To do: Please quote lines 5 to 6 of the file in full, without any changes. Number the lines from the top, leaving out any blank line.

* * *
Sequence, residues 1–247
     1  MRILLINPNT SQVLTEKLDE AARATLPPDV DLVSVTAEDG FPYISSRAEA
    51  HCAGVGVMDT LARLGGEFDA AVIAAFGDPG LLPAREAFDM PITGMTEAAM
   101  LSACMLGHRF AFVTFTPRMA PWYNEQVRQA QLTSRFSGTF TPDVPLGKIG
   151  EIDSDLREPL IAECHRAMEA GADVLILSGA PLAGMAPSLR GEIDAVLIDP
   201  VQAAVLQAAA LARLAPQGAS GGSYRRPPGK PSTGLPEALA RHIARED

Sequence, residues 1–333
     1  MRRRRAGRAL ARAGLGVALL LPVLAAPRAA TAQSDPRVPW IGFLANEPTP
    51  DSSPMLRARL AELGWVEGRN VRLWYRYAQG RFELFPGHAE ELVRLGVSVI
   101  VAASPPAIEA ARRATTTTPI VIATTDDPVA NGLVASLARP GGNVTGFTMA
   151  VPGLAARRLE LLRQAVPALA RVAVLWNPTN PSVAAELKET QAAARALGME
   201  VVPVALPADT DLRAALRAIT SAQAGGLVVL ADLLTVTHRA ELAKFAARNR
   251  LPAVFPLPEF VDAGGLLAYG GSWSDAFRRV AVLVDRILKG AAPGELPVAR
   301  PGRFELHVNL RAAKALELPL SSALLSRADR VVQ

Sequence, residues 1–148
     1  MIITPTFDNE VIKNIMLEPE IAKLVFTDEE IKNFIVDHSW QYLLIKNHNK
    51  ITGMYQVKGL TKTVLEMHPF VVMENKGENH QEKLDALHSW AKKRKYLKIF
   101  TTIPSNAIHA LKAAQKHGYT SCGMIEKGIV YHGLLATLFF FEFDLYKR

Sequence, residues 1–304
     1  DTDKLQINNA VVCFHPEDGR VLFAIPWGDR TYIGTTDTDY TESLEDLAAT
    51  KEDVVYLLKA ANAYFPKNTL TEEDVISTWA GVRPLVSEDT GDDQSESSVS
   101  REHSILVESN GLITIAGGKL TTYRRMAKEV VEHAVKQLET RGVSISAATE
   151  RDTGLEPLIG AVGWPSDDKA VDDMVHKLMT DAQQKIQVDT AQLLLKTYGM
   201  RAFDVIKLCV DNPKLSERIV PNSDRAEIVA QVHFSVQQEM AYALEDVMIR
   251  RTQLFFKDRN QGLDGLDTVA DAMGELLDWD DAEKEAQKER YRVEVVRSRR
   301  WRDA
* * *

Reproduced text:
   151  EIDSDLREPL IAECHRAMEA GADVLILSGA PLAGMAPSLR GEIDAVLIDP
   201  VQAAVLQAAA LARLAPQGAS GGSYRRPPGK PSTGLPEALA RHIARED